There is a re­dress scheme in place for co­hab­it­ing cou­ples which can pro­vide pro­tec­tion for a fi­nan­cially-de­pen­dent mem­ber of the cou­ple if the re­la­tion­ship is long-term and ends ei­ther through death or sep­a­ra­tion — but only if the in­di­vid­ual is el­i­gi­ble for re­dress un­der the scheme.

Where a court or­der is made to trans­fer prop­erty to a co­hab­it­ing part­ner un­der that scheme, there should be no Cap­i­tal Gains Tax, gift or in­her­i­tance tax li­a­bil­ity for ei­ther part­ner as a re­sult of the trans­fer (though some CGT may be payable if the prop­erty is sold at a later date).

Co­hab­it­ing cou­ples who have chil­dren should note that a child can in­herit up to €320,000 taxfree from his or her par­ents. chil­dren get the full value of their in­her­i­tance.”

Mcgowan ad­vised mar­ried cou­ples to ar­range Sec­tion 72 poli­cies on a joint life, se­cond death ba­sis. “By do­ing this, on the first par­ent’s death, the as­sets will pass to the sur­viv­ing spouse tax-free,” said Mcgowan. “On the se­cond par­ent’s death, the Sec­tion 72 pol­icy will pay out to cover the kids’ in­her­i­tance tax li­a­bil­ity.”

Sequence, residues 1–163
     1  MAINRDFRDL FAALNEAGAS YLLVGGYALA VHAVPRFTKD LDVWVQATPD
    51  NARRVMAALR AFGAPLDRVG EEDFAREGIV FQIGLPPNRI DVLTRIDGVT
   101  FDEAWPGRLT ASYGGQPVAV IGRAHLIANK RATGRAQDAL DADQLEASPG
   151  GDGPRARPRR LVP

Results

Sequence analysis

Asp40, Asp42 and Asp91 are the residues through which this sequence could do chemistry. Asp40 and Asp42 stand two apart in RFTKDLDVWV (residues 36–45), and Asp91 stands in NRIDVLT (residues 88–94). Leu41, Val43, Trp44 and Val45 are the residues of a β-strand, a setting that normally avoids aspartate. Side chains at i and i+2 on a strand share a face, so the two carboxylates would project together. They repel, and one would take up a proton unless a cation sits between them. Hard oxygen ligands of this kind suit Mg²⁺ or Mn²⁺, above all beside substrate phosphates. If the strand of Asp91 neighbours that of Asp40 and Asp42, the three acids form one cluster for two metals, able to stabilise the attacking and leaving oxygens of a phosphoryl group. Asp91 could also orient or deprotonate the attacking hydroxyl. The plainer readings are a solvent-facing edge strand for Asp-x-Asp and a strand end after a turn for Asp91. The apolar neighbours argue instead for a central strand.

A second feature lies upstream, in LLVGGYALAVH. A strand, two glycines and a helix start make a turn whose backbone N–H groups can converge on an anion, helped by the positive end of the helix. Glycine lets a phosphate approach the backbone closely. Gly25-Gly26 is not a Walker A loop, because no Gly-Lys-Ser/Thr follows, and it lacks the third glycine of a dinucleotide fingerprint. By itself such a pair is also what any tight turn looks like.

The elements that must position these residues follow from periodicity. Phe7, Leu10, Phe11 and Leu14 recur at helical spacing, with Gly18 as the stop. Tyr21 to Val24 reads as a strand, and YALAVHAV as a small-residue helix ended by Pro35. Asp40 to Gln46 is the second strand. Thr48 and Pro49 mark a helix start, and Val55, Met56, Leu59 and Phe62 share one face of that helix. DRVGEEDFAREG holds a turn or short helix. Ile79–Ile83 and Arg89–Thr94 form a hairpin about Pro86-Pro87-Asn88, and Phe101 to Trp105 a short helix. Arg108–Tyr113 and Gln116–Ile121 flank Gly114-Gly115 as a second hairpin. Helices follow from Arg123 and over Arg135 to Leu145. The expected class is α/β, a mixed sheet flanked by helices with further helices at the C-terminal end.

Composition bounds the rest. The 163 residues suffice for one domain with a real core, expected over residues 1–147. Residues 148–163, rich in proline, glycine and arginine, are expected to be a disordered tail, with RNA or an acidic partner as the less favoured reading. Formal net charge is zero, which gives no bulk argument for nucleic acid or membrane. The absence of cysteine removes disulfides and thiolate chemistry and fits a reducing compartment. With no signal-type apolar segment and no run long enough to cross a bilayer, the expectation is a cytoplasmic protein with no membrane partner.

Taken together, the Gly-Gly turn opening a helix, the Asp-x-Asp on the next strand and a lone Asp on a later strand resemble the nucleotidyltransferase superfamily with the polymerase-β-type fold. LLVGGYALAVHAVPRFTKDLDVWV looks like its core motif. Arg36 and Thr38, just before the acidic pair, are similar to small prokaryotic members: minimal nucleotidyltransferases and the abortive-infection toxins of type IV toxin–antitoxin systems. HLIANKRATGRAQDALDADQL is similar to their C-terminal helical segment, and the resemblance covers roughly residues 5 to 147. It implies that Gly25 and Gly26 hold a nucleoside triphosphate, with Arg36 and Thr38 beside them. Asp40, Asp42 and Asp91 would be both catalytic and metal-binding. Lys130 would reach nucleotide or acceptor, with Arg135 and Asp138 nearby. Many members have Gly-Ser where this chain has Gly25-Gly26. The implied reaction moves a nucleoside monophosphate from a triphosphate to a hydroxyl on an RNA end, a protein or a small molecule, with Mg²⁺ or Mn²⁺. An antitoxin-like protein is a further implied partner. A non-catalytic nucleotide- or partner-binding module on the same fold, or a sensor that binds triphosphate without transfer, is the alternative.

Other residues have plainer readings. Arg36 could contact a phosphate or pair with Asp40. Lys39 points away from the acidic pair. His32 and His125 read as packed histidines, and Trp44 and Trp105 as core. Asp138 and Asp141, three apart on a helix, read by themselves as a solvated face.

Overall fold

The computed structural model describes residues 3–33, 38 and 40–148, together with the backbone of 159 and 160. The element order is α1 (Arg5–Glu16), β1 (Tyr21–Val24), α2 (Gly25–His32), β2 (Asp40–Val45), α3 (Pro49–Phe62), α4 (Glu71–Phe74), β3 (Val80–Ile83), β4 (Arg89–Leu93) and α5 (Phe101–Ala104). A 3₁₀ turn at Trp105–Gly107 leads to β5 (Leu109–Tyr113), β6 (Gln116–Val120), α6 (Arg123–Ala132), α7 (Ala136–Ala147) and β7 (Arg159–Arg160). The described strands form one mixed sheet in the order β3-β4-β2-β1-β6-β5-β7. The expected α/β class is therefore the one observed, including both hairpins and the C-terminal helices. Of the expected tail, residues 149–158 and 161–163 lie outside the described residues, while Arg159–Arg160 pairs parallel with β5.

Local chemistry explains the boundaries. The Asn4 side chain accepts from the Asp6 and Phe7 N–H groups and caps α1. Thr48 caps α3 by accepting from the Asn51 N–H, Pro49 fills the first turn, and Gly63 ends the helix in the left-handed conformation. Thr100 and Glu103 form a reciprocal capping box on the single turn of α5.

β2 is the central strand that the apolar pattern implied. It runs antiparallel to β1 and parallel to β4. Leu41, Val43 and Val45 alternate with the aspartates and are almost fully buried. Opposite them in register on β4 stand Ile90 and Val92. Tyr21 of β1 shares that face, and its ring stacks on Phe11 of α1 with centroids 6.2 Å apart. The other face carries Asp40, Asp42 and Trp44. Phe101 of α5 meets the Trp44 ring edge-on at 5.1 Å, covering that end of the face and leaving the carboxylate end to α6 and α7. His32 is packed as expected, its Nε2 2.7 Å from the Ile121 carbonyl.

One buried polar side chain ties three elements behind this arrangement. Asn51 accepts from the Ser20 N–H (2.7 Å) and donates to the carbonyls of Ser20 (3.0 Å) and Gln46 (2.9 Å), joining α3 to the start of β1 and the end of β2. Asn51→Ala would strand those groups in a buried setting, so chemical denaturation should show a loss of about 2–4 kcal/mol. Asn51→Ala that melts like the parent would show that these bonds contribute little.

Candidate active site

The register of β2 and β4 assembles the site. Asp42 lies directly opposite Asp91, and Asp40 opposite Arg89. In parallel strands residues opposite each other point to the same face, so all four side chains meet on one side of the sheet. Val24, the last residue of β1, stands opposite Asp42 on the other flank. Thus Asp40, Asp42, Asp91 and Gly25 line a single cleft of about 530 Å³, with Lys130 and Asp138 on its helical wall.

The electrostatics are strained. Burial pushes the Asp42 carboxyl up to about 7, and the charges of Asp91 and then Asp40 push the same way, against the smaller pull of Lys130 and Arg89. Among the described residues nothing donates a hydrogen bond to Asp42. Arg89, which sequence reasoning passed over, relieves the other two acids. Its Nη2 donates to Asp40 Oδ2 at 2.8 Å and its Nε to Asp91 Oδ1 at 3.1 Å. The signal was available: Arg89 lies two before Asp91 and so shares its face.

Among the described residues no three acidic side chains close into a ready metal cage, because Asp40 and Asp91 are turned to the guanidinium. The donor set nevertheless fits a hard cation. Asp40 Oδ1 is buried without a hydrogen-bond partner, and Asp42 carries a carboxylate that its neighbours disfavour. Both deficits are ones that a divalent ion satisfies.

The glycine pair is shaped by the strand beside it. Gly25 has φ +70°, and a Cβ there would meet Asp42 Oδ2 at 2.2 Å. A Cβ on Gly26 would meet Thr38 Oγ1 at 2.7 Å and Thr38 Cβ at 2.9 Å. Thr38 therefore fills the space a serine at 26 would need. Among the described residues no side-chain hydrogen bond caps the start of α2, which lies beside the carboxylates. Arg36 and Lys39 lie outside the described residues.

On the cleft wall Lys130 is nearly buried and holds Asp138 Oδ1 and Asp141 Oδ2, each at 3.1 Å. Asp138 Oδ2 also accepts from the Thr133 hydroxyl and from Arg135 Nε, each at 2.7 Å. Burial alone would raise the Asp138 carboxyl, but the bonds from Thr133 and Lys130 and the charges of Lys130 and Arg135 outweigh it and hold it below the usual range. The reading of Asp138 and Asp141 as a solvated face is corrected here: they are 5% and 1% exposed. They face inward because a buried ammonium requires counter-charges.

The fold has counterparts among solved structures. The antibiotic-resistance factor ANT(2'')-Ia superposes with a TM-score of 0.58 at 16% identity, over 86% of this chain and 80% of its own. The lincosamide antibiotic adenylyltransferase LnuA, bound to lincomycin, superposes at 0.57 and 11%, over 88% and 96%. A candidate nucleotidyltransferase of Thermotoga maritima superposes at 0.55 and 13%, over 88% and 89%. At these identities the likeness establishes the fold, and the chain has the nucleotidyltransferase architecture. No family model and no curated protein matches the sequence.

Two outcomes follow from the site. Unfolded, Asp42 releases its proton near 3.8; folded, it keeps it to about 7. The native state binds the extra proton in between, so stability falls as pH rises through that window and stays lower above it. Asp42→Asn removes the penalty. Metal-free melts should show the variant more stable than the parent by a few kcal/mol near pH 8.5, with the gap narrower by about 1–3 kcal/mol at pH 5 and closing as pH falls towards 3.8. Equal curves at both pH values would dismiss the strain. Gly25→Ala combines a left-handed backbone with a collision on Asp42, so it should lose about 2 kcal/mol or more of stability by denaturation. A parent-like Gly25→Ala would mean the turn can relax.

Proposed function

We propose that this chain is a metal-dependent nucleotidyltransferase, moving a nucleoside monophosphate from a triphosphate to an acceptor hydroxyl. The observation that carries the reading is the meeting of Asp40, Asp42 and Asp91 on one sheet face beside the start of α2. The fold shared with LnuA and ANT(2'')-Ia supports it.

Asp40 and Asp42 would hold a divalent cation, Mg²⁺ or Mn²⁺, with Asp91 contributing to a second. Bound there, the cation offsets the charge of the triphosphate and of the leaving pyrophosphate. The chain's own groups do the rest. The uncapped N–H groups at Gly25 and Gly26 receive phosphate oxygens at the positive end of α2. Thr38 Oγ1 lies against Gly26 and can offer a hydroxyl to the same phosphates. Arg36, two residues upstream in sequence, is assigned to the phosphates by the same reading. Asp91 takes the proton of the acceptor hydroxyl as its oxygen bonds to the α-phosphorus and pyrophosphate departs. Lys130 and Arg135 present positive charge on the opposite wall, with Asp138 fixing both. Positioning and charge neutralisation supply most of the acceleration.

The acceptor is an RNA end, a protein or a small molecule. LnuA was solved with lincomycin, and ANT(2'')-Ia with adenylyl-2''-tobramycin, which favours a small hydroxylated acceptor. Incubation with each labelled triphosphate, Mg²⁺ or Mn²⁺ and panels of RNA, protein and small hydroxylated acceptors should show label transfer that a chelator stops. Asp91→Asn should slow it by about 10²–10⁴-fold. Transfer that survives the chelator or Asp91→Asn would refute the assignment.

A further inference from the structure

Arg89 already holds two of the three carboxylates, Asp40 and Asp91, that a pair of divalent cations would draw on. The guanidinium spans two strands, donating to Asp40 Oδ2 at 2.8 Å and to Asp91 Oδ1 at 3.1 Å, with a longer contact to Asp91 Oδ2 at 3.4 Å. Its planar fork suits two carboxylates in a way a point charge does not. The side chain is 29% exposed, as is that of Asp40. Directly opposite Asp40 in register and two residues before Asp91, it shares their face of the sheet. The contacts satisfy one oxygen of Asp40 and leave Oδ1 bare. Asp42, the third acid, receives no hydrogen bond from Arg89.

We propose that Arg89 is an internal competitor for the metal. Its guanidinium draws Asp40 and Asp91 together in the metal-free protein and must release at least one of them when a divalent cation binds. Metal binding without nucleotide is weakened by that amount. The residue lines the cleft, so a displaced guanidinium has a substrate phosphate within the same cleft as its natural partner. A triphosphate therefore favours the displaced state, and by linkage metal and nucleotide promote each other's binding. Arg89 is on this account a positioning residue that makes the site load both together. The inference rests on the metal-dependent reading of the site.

The cost of a Sec­tion 72 pol­icy will de­pend on age, health, the size of the in­her­i­tance tax li­a­bil­ity you wish to pro­vide for, and whether or not you are a smoker. You could, for ex­am­ple, pay €134 a month for a pol­icy which cov­ers an in­her­i­tance tax bill of €100,000 — if you’re a 50-year-old non-smoker when you first buy the pol­icy.

Be sure to meet the tax rules around any Sec­tion 72 plan you buy. “The plan must be set up for the pur­pose of pay­ing a fu­ture in­her­i­tance tax bill from in­cep­tion as there are spe­cific rules about

No mat­ter how strong your views are against mar­riage, when it comes to in­her­i­tance, you could make your — or your part­ner’s — life much eas­ier by get­ting mar­ried or en­ter­ing a civil part­ner­ship.